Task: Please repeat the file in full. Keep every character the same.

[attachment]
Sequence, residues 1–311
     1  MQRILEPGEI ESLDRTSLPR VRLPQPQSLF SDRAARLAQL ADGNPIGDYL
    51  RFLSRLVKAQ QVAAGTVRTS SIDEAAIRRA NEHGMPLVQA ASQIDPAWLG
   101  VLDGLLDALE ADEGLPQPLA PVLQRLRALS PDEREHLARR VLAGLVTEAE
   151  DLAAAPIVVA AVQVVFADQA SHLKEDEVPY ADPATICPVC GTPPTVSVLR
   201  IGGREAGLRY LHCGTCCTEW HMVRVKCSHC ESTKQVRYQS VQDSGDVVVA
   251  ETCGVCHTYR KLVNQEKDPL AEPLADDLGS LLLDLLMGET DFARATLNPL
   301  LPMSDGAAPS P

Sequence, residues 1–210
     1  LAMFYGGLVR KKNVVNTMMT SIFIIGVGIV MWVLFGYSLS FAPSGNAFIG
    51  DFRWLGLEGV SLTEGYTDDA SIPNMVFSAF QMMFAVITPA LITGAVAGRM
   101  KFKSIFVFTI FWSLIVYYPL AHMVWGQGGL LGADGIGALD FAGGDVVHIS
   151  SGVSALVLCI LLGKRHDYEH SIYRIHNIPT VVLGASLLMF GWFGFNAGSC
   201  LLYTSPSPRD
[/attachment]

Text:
Sequence, residues 1–311
     1  MQRILEPGEI ESLDRTSLPR VRLPQPQSLF SDRAARLAQL ADGNPIGDYL
    51  RFLSRLVKAQ QVAAGTVRTS SIDEAAIRRA NEHGMPLVQA ASQIDPAWLG
   101  VLDGLLDALE ADEGLPQPLA PVLQRLRALS PDEREHLARR VLAGLVTEAE
   151  DLAAAPIVVA AVQVVFADQA SHLKEDEVPY ADPATICPVC GTPPTVSVLR
   201  IGGREAGLRY LHCGTCCTEW HMVRVKCSHC ESTKQVRYQS VQDSGDVVVA
   251  ETCGVCHTYR KLVNQEKDPL AEPLADDLGS LLLDLLMGET DFARATLNPL
   301  LPMSDGAAPS P

Sequence, residues 1–210
     1  LAMFYGGLVR KKNVVNTMMT SIFIIGVGIV MWVLFGYSLS FAPSGNAFIG
    51  DFRWLGLEGV SLTEGYTDDA SIPNMVFSAF QMMFAVITPA LITGAVAGRM
   101  KFKSIFVFTI FWSLIVYYPL AHMVWGQGGL LGADGIGALD FAGGDVVHIS
   151  SGVSALVLCI LLGKRHDYEH SIYRIHNIPT VVLGASLLMF GWFGFNAGSC
   201  LLYTSPSPRD